October 2009

This book is set in modern-day New York, focusing on the life of Joel Litvinoff, a well-known socialist lawyer, and his British wife, Audrey. After Joel suffers a stroke, Audrey discovers something about him so shocking that she is forced to re-evaluate their life together.

As the story unfolds, it becomes clear that nothing about them is as it seems. To the world they are great philanthropists, as parents, lovers and friends they are woefully deficient.

Their children have been left to struggle without much help from parents too busy helping the poor and downtrodden. Rosa, the beautiful clever one, returns from a promisingly idealistic start in Cuba full of personal and spiritual doubt. When she decides to explore her Jewish roots, her mother is horrified, and makes her feelings brutally clear.

Karla, miserably married to a toadying trade unionist, obsesses about her weight and fertility. Her self-confidence was knocked as a child by her parents, only towards the end of the book does her mother finally support her in what she wants to do.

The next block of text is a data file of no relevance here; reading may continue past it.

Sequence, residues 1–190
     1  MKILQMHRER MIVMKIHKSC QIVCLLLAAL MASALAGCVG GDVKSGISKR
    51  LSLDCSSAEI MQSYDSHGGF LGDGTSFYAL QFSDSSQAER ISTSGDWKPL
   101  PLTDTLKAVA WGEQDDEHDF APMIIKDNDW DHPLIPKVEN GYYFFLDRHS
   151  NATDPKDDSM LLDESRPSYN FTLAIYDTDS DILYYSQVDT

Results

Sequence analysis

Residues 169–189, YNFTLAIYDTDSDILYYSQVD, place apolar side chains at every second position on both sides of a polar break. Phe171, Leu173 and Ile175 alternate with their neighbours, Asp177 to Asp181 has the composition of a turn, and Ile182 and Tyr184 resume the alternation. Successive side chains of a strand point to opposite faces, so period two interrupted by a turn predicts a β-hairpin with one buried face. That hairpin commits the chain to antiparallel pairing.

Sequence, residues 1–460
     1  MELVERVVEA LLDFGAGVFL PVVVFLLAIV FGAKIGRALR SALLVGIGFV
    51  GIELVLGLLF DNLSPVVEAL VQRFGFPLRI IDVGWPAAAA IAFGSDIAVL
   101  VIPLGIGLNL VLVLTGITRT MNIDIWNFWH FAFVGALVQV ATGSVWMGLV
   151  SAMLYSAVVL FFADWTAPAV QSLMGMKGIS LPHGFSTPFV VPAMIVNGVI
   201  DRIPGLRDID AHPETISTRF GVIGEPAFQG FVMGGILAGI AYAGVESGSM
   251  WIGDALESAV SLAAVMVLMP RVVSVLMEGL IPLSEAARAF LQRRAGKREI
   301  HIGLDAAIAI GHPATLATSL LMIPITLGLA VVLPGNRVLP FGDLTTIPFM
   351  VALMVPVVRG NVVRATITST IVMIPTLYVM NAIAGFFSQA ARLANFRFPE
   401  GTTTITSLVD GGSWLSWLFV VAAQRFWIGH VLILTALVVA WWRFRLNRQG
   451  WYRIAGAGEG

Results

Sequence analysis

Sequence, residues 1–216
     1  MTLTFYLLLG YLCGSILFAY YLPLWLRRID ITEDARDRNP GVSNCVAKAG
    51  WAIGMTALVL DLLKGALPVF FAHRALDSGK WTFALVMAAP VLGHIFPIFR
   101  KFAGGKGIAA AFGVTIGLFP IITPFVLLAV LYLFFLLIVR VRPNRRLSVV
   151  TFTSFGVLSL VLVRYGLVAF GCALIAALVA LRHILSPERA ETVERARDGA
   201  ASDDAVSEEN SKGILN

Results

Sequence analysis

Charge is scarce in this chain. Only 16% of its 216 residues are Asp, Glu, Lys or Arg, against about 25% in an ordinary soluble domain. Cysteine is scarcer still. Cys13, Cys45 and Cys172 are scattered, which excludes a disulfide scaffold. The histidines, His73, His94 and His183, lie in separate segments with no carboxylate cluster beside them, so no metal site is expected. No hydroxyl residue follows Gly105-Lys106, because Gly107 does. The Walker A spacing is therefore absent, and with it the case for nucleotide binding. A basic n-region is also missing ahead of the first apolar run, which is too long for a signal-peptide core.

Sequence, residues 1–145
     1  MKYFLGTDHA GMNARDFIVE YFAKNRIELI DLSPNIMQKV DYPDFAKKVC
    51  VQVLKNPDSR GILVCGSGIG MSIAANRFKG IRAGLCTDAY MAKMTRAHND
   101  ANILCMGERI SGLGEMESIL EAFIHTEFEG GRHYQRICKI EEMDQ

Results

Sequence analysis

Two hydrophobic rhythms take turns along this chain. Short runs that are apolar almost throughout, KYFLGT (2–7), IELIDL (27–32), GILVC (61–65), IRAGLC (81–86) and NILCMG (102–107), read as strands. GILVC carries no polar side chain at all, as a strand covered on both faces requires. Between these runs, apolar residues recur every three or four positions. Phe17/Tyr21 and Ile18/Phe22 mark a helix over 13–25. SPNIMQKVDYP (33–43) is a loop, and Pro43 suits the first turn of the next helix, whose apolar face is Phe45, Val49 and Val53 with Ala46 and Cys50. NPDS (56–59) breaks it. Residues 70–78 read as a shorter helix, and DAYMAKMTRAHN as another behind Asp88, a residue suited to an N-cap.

The adopted son, Lenny, is the one child Audrey loves without reservation, but only by getting away from her does he manage to conquer his drug problem.

Zoë Heller’s third novel is engrossing and satisfying. The characters are real, presented just as they are, stripped of all social niceties. Some of the book circle liked them for their failings, most didn’t, but we all recognised them.

The book deals with an impressive range of issues, from obesity and smoking to Zionism and adultery. There are no attempts at easy answers, but lots of interesting questions are raised with intelligence and wit. Several of us were put off initially by the bad language, but only one gave up on the book because of it. The writing is sharp and edgy, providing a domestic drama that’s funny, rewarding and – in places – quite masterful. There’s not a lot of plot, but we didn’t care; The Believers prompted a long and animated discussion. Love them or hate them, we all had something to say about the Litvinoffs.

On November 12 we will be discussing Rabbit, Run by John Updike.

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